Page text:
However, many people tend to be forgetful and make mistakes when using different forms of birth control, including the patch. According to the Centers for Disease Control and Prevention , with typical use, the patch is ineffective in 9% of cases.

The correct use of the birth control patch is, therefore, essential. When people do not use it correctly, pregnancy can occur.

The birth control patch may not prevent pregnancy due to a person:

  • forgetting to apply a new patch every week
  • taking certain antibiotics, such as rifampin or isoniazid and rifampin
  • using griseofulvin , an antifungal medication
  • taking certain antiseizure medications
  • using the herbal supplement St. Johns wort

People taking any of the above medications should consider using an additional form of birth control, such as condoms. Anyone who is taking the medication in the long term should consider switching to a different type of contraceptive.

Poor storage conditions may also lessen the patchs efficacy. It is important to keep the patches at room temperature and out of the sun. People should not open the pouches until it is time to apply a patch.

If the patch falls off for several days in a row, this could also make it ineffective. People should refer to the product instructions to see what to do in this situation.

Quick Read Dont Awfulize Stroke Risk

  • Estrogen-containing birth control pills can slightly increase stroke risk.
  • The risk is higher for women who smoke or have migraines with aura.;
  • The pills have some health benefits, such as lowering ovarian cancer risk.

Youve probably heard that taking birth control pills can increase your stroke risk. That sounds pretty scary, but what does it actually mean? How much is the risk increased? And how worried should you be?

To answer these questions and more, we consulted two experts: Elizabeth Micks, M.D., M.P.H., an OB/GYN and contraception specialist at the Womens Health Care Center at University of Washington Medical Center-Roosevelt; and Malveeka Sharma, M.D., a neurologist at Harborview Medical Centers Stroke Clinic.

Both want to reassure women that, while birth control pills do come with a slightly elevated risk for stroke, the chances of a stroke happening are very low.;

Each year, according to Micks, approximately 8 out of every 100,000 women taking birth control pills will have a stroke.

With birth control, as in all aspects of medicine, were always weighing the risks versus the benefits, Micks says.

Trying to decide if the pill is right for you, or want to know more about its ties to stroke? Here are more facts about birth control and stroke.

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Who Should Not Use A Birth Control Patch

While the FDA still claims that the Patch is a safe choice for some women, other experts are not so sure. In 2008. Johnson & Johnson paid almost $69 million to settle lawsuitsfiled on behalf of women who suffered from blood clots, heart attack, stroke, or death after using the Patch.

For women who are not at a particular risk for blood clots or stroke, the FDA still defends the Patch as a safe birth control method. However, the FDA does not compare the relatively safety of different birth control products with each other, they compare each to pregnancy, which also increases the chances of a healthy woman developing a blood clot, heart attack, stroke, or death. The FDA recommends that all women, especially women who smoke or are at risk for blood clots, talk with their health care provider about which method of birth control is best for them. Perhaps the most important question is: why take a risk with the Patch when safer alternatives are available?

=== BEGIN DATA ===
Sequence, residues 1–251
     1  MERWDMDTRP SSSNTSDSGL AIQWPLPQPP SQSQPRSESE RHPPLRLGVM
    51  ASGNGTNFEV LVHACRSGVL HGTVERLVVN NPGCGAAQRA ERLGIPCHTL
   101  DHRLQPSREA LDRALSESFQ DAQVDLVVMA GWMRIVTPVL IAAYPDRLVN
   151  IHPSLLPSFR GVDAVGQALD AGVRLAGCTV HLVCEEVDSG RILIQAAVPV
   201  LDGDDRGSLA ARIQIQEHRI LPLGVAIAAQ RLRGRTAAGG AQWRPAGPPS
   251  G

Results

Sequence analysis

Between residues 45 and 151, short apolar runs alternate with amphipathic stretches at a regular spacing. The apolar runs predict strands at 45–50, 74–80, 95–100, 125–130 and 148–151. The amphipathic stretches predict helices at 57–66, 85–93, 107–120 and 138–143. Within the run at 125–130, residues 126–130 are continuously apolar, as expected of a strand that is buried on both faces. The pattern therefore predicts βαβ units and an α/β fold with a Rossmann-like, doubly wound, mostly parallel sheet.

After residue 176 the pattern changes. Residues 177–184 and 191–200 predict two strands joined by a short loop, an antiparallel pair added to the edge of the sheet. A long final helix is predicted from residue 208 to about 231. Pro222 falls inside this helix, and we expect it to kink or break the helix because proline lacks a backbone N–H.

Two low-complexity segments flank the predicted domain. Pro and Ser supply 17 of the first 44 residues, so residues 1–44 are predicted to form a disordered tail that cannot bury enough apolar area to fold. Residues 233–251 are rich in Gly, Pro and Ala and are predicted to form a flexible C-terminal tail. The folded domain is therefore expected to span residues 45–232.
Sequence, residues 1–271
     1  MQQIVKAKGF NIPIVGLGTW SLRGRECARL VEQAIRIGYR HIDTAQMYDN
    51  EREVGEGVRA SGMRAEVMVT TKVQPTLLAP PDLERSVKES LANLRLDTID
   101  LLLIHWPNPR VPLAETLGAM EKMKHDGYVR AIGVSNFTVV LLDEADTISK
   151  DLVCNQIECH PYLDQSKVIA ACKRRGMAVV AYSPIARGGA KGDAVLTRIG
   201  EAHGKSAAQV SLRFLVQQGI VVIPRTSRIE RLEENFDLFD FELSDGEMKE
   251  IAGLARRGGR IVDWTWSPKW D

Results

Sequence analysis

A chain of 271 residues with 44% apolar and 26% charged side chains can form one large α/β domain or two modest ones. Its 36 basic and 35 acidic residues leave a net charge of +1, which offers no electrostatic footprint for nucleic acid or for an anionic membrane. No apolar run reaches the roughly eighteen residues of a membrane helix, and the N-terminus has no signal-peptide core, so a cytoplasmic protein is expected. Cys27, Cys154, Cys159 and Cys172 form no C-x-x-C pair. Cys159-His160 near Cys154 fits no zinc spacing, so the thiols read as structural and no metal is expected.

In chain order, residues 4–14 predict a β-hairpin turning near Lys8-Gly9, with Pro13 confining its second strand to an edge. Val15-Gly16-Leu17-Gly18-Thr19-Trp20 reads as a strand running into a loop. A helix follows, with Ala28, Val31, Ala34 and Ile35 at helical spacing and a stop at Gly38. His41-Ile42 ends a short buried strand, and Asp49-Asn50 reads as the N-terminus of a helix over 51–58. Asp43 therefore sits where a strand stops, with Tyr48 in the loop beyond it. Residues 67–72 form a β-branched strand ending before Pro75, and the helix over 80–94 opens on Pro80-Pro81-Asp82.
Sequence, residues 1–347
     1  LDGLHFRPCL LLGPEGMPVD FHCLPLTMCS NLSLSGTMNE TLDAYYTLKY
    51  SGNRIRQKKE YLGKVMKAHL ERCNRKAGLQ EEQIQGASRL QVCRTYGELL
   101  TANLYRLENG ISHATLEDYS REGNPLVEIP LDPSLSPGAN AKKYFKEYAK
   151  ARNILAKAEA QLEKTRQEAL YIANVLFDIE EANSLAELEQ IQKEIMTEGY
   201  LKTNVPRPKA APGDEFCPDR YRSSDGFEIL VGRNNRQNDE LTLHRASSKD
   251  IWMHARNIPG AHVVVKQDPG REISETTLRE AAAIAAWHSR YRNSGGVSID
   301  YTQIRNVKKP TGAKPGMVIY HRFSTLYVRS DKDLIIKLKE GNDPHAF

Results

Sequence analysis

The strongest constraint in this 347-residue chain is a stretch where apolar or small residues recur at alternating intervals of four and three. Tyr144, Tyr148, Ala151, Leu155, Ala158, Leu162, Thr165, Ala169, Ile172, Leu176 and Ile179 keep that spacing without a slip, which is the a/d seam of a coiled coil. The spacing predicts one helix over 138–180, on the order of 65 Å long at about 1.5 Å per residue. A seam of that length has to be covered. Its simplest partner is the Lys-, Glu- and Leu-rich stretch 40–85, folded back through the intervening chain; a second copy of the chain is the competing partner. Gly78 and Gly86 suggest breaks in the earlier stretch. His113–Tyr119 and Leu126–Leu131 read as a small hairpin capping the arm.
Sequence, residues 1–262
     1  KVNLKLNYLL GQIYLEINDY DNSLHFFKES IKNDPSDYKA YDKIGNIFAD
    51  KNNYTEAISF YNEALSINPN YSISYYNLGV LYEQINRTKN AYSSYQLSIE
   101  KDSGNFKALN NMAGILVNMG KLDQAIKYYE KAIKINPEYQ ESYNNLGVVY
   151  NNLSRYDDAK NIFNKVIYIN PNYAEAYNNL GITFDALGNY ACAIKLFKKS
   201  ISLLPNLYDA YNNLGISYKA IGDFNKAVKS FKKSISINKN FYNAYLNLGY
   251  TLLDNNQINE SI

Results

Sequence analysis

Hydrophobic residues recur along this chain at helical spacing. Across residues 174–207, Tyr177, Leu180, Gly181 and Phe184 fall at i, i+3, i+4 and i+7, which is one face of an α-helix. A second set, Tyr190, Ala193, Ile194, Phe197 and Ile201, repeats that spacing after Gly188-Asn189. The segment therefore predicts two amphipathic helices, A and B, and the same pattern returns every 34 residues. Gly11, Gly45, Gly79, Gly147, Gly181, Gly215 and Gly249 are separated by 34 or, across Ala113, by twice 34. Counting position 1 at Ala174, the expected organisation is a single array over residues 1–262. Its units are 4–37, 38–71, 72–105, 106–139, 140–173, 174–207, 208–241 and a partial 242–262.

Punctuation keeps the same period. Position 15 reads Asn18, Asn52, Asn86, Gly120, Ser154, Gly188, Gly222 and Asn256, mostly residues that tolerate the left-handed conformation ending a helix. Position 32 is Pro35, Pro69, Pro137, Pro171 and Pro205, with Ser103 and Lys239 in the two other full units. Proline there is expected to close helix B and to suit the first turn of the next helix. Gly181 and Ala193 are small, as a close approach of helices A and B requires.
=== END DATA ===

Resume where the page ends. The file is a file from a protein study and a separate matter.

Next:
To read more about the dangers of birth control pills containing drospirenone, click;here.

To find out more about the symptoms of blood clots, click;here.

All articles are reviewed and approved by Dr. Diana Zuckerman and other senior staff.


How Do I Use The Birth Control Patch

Hope or Hype? How Dangerous IS the Estrogen Patch for Birth Control?

Youll first need to talk with your healthcare provider about the pros and cons of the birth control patch, as well as any health risks. The patch is only available by prescription.;

After receiving a prescription, youll apply the first patch during the first 24 hours of your period. It will become effective immediately with no need for backup contraceptive methods . Another option is to apply the first patch on the first Sunday after your period has started, which will require using a backup method for the next seven days. The first day you apply the transdermal patch will become your patch change day, so mark it on your calendar!

Talk to your doctor about your options if you are switching from a different birth control method to the patch, or are beginning the patch after an event such as childbirth or miscarriage.

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Where Is The Birth Control Patch Available

A doctor or a nurse practitioner must prescribe the patch. He or she will ask questions about health and family medical history, and may also do a complete physical exam, including a blood pressure measurement and a pelvic exam. If recommending the patch, the doctor or nurse practitioner will write a prescription and give you instructions on how to use it.

Those who start using the patch may be asked to return within a few;months for a blood pressure measurement and to make sure that there are no problems. After that, a doctor may recommend routine exams once or twice a year or as needed.

What Are The Side Effects Of Birth Control Pills And The Patch

Birth control pills

The most common side effects of the birth control pills include nausea, headache, breast tenderness, weight gain, irregular bleeding, and mood changes. These side effects often subside after a few months’ use. Scanty menstrual periods or breakthrough bleeding may occur but are often temporary, and neither side effect is serious. Women with a history of migraines may notice an increase in migraine frequency. On the other hand, women whose migraines are triggered by fluctuations in their own hormone levels may notice improvement in migraines with oral contraceptive use because of the more uniform hormone levels during oral contraceptive use.